Bedow celebrates awkward teenage-hood in smart type designs informed by its 'refined design process'

While many of us turned 15 years-old by necking illicitly procured Blue WKD and being sick on yourself etc., Stockholm-based design studio Bedow took a somewhat smarter approach to reach this milestone by releasing two complementary typefaces.

Bedow Head and Bedow Hand were developed in collaboration with Swedish type designers Tor Weibull and Alexander Örn of type foundry Kanon.

Both typefaces are "informed by its refined design process", according to the studio. "Our main strength has always been to find a clear narrative and unexpectedly interpret that," says Perniclas Bedow, creative director of Bedow. "It doesn't matter if it's a big or small client; we always use the same process of combining strategy and craft. We're showing that in our new identity through the transition of the head and the hand."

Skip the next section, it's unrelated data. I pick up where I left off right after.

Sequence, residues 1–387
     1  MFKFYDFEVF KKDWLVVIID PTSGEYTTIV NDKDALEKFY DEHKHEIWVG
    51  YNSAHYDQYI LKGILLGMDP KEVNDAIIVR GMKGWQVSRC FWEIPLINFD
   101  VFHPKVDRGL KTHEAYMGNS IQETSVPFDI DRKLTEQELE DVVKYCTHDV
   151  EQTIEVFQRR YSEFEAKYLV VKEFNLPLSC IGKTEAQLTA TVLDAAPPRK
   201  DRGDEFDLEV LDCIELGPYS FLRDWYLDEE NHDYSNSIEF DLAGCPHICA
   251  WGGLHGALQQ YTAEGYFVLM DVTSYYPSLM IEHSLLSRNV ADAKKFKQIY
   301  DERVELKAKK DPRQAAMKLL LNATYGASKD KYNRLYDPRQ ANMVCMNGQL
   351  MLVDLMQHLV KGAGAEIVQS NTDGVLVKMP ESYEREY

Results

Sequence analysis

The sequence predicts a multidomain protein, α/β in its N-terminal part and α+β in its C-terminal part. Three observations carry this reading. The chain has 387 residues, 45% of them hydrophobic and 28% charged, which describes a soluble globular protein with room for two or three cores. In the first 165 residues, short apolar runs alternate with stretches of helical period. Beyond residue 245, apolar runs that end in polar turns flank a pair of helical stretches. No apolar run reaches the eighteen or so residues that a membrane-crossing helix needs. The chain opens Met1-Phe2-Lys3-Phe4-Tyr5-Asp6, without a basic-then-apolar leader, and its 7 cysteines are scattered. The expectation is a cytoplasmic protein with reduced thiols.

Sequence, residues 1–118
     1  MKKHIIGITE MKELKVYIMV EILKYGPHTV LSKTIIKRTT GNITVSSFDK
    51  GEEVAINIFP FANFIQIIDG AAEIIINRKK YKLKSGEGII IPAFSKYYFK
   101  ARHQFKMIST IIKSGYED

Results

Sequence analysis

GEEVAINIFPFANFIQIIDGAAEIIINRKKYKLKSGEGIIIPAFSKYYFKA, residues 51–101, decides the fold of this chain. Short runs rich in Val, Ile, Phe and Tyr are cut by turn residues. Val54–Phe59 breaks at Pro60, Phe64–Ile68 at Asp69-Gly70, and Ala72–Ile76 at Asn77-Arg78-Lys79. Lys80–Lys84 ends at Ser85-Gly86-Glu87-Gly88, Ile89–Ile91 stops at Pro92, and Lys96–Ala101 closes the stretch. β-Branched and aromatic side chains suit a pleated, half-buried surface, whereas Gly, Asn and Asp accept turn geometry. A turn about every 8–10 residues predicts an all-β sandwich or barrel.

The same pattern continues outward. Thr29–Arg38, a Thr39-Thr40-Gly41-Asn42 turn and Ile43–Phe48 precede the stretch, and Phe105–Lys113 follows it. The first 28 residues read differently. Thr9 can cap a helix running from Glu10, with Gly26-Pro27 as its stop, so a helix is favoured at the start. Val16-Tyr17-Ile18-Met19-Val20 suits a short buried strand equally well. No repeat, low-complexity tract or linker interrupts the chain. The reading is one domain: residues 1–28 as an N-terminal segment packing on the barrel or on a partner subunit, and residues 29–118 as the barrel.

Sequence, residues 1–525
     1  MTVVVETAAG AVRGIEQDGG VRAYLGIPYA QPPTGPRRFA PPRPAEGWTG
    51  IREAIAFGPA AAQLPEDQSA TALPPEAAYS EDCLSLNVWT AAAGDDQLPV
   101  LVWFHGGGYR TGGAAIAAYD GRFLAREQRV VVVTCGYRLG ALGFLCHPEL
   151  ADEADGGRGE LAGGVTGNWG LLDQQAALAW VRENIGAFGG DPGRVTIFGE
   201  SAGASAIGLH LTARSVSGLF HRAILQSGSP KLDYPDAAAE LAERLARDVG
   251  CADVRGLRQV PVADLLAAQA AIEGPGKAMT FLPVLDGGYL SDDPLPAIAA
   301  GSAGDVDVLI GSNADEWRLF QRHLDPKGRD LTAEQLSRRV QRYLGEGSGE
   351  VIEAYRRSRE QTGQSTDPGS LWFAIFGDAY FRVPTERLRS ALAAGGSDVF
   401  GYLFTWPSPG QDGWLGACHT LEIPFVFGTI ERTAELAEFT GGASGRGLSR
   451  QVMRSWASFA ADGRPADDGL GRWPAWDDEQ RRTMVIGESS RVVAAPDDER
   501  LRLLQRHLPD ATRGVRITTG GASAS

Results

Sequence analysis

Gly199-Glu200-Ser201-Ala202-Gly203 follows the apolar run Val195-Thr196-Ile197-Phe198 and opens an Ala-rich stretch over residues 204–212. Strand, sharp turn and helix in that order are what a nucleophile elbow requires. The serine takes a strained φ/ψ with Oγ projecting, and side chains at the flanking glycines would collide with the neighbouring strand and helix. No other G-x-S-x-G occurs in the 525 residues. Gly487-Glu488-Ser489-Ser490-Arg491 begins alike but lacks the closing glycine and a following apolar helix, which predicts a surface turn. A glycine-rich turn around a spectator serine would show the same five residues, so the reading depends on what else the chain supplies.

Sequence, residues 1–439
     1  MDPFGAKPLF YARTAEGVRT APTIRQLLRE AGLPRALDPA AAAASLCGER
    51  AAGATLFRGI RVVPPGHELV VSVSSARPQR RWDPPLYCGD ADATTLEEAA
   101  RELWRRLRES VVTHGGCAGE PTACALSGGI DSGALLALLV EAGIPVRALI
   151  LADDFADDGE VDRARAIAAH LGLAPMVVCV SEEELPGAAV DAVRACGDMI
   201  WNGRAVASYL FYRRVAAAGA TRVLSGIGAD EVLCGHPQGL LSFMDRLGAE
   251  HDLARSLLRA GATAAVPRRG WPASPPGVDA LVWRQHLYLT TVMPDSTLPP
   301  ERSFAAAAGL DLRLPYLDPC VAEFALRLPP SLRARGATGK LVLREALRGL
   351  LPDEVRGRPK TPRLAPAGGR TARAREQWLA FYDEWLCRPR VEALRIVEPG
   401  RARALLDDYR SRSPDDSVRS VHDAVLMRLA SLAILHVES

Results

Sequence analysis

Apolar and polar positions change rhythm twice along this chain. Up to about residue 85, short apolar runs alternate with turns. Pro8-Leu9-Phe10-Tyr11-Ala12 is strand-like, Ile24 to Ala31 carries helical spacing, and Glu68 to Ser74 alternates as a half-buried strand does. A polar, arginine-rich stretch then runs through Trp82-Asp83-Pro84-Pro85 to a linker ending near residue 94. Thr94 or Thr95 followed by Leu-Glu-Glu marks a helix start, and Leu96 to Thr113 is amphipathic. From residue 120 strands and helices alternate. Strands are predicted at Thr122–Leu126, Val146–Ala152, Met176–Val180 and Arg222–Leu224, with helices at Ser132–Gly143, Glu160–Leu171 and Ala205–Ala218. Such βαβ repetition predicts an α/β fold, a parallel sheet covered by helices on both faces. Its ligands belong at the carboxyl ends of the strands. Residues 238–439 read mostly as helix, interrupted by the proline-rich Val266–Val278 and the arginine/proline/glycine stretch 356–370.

The typeface names Head and Hand aim to indicate the studio's overarching aim to marry "thinking and making"; and are accompanied by a new studio Head-Hand symbol mark.

These are united by a variable font that was created for a seamless transition between the two; and are showcased with the new mark on Bedow's redesigned website.

Bedow Head and Bedow Hand are described as "two siblings in the same family with distinct personalities." Head is a rational, clear sans serif—"a pure strategist with an oversized head to match its intellect," as Bedow puts it. It was designed to be suitable for everyday workhorse uses for body copy, captions and callouts.

Bedow Hand acts as a foil to Head: it acts as a contrasting more "sensitive" typeface distinguished by its calligraphic, irregular aesthetic that looks to work brilliantly in bringing personality to "irregular flourishes" that might be needed in a font used for headlines and pull quotes. "Though on the surface they're so different, they adapt to each other very well," says Bedow.


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